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I've got the 2nd to lightest tint lenses for flat-light on my Oakley Splices, and while it certainly makes a difference, sometimes theres just nothing you can do. My mountain has terribad visibility like 70% of the time, so I've gotten really good at Jedi-Snowboarding. Also, if the visibility is really bad go hop in the trees or stick to a tree-line, it gives your eyes something to focus on and makes a big difference.

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post #7 of 13 (permalink) Old 05-30-2011, 12:18 PM
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Ride near objects that show definition of the slope like lift towers, tree or rock will help in flat light
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post #8 of 13 (permalink) Old 05-30-2011, 01:06 PM
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I remember my first time in whiteout. Runs seem to last forever. I distinctly remember not being able to tell what way was up. Bumps jostling you around. As snowwolf said. Ive fallen just standing up because you have no reference to anything. Or my favorite. You think your stopped and your actually traveling at a good rate of speed and sit down.. Thats fun stuff right there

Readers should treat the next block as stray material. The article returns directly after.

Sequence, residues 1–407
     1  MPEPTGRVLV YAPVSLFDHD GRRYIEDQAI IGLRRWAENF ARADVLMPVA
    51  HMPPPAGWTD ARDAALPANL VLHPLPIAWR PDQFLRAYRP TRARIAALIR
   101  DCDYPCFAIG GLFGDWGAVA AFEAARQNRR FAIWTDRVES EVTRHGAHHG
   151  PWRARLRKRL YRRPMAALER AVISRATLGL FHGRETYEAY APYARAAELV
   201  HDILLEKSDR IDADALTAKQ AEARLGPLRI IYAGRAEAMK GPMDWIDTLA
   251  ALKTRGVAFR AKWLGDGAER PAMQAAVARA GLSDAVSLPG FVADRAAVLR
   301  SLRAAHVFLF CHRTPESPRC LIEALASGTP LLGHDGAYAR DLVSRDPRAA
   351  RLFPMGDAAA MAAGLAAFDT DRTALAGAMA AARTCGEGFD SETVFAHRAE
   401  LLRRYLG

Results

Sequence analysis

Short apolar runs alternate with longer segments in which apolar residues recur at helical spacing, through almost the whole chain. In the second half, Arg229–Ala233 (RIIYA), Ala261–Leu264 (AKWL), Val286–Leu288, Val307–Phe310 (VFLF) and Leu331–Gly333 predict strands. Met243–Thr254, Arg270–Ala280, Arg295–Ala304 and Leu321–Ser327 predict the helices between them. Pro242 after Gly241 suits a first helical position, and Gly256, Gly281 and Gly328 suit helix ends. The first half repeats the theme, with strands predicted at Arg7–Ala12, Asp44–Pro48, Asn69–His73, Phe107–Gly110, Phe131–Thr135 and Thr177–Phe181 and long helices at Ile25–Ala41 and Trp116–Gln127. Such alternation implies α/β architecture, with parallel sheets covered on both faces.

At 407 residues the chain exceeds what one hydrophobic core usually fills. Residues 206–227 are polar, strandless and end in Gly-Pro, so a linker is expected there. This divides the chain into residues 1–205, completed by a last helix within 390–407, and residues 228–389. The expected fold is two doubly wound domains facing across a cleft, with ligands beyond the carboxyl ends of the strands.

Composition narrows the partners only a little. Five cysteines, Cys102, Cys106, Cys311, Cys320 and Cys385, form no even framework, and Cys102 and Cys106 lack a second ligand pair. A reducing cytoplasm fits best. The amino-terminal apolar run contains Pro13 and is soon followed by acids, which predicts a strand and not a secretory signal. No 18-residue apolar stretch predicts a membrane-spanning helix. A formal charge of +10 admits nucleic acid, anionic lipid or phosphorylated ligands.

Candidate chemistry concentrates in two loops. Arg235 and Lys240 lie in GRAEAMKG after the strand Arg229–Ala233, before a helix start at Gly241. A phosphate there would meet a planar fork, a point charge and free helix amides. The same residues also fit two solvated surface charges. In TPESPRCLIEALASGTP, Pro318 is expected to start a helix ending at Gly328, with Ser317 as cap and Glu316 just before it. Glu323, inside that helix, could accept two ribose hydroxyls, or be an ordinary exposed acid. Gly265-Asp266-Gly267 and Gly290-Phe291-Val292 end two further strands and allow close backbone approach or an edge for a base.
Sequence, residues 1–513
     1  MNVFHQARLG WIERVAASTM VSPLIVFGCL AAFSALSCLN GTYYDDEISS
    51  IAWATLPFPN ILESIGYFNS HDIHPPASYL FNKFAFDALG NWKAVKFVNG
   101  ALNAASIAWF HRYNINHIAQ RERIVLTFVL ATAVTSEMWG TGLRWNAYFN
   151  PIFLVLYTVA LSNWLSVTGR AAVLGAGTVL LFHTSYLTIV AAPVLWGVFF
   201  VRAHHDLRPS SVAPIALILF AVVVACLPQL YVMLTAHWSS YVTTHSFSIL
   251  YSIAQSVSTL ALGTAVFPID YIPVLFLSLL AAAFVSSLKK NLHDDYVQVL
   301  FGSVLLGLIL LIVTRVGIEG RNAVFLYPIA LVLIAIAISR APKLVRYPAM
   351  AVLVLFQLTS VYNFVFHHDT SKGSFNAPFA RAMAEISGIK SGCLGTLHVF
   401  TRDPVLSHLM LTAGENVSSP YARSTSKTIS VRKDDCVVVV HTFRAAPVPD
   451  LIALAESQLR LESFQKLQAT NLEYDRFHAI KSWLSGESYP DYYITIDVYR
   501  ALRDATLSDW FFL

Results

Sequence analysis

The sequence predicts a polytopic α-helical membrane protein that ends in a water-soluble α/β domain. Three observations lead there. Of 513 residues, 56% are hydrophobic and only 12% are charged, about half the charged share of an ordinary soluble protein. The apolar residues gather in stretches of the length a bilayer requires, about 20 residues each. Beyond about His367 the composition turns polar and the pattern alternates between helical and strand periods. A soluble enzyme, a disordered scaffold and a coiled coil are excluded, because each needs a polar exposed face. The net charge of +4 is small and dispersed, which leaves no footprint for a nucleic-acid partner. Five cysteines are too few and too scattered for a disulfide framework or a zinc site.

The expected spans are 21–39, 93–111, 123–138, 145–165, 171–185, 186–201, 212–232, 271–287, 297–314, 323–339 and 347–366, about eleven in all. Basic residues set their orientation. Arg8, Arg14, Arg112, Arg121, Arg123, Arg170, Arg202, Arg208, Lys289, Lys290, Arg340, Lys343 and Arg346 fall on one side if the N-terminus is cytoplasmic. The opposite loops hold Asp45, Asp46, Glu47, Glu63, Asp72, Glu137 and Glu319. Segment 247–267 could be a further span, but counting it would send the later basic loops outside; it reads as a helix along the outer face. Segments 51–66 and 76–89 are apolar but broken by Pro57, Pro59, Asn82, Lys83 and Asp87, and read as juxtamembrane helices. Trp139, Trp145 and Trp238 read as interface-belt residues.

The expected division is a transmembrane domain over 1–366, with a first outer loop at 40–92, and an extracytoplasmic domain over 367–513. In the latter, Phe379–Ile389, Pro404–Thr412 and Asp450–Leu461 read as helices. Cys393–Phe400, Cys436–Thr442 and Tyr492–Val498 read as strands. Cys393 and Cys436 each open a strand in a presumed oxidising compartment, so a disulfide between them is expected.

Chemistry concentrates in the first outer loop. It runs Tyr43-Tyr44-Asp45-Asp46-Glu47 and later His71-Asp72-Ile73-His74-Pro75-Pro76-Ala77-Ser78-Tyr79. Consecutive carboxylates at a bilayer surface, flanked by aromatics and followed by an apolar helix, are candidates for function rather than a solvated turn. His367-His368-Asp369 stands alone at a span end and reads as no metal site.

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post #9 of 13 (permalink) Old 05-30-2011, 06:38 PM
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It's been said, but I'll say it again, flat light and whiteout conditions are the worst way to ride. It is absolutely no fun not being able to see where you are going. Living in Washington, I have spent too many days in shitty light conditions. Since I don't ride 100 days in a season, I tough it out usually, but if it's too bad I'll sit in the lodge for a while and see if it clears at all before calling it a day.

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post #10 of 13 (permalink) Old 05-30-2011, 06:39 PM
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Yup saturday we got there at 8:30 and we were done by 10:30. Just wasn't worth it.